The game industry has a particularly interesting relationship with remakes and remasters. Many of our favorite games are getting the remaster treatment only a year or two after their release. This is usually because older games are seeking to make the step up to new hardware, PS3 and Xbox 360 games releasing for the PS4 and Xbox One, for example.
On one hand, there is nothing particularly wrong with updating a game for a new platform, but on the other hand, things are getting a little out of hand. Square’s remake of Final Fantasy X , for example, was remade for the PS3 and then re-remade for the PS4 only a few years later. That’s a meta remake!
When Sony commented about its remake of The Last of Us for the PS4, it talked about exposing an audience to The Last of Us that missed it the first time around. But The Last of Us was only made two years before the remake came out. So Sony was, essentially, alluding to the fact that a two year lifespan is too much to ask for one of the best-selling and most critically acclaimed games of all time.
Which brings me to the first reason why remakes should be scaled back a bit: they are reducing our attention span. Games are already being treated as flavors of the week. Even popular shooters like Titanfall end up seriously reducing their multiplayer population to a fraction of what it used to be in only 6 months after their release, which is usually when a new shooter comes to take its place, and these are games that are built upon replayability using their online multiplayer components. If these games cannot survive for a mere six months, what hopes do single player games have? While our huge blockbusters used to be played for years, now they hold our interest for only a few months, and remakes are kind of a way to remind us they exist. It would be better if we learned to enjoy the games that already came out.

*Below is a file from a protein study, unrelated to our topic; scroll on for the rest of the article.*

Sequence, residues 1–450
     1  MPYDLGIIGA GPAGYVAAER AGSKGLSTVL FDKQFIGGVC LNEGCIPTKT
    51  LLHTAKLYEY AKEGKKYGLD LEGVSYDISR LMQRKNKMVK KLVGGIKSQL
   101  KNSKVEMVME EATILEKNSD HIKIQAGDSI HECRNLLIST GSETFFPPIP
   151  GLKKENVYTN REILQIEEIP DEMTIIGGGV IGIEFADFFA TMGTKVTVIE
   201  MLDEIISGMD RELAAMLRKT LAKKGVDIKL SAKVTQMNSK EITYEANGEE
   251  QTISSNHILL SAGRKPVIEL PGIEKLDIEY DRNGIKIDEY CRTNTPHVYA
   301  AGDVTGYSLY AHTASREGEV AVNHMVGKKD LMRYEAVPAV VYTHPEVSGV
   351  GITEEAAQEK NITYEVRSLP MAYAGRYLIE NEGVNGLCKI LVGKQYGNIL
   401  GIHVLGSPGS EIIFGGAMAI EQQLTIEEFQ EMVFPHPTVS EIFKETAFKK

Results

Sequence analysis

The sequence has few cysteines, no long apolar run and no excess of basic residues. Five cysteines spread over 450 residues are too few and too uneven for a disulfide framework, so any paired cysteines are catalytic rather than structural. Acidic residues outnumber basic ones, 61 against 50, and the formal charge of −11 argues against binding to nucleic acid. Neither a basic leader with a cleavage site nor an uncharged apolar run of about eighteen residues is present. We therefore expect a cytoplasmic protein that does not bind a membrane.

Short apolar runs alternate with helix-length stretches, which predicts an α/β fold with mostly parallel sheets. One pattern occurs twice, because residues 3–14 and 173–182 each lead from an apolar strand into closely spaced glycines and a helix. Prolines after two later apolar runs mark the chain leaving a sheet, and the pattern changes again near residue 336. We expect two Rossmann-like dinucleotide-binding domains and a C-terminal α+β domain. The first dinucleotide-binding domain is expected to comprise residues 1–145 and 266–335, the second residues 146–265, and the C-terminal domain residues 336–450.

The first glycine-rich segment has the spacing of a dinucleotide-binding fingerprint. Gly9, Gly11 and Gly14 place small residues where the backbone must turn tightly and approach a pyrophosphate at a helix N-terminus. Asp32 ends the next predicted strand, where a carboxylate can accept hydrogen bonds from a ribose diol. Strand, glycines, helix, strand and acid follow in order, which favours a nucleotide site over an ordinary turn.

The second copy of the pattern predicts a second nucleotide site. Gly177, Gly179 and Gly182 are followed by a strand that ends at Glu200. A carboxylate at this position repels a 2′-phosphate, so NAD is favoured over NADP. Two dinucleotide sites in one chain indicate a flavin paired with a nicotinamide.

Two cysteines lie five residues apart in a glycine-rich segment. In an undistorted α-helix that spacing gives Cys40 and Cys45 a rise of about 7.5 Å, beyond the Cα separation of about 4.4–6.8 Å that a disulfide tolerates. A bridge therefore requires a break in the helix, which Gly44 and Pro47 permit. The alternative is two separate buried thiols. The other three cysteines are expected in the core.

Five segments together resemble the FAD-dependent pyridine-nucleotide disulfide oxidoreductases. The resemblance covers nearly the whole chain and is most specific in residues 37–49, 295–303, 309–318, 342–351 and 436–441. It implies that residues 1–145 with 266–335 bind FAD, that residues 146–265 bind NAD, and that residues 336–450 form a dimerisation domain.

Heck, if remasters keep being created, it’s almost foolish to buy a game the first time out because the remaster will inevitably be better. Which brings me to the second reason why remasters need to be scaled back: they punish early adopters. Remasters tend to have better graphics, more content, and usually all of the DLC that came out for the original version. This means you can pick up a remaster and get for $40 what other people payed $80 to $100 for. But it’s not remaster sales that keep game franchises alive, rather, it’s first-week sales. In fact, it’s usually these sales that even allow remakes to be made.
Finally, remasters simply let game companies rest on their laurels, which is rather discouraging in an environment which already minimizes innovation. Do you know what I saw at Capcom’s booth at E3 last year? Ultra Street Fighter IV , a remake/patch, Dead Rising 3 PC Edition, a remake/port, and Ace Attorney Trilogy , a remake/generation upgrade. They had more remakes to show than actual new games, at the show whose entire purpose is to let companies show off their new games!
So what do you think? Should we be making fewer remakes? Are remakes damaging our industry? Let us know in the comments.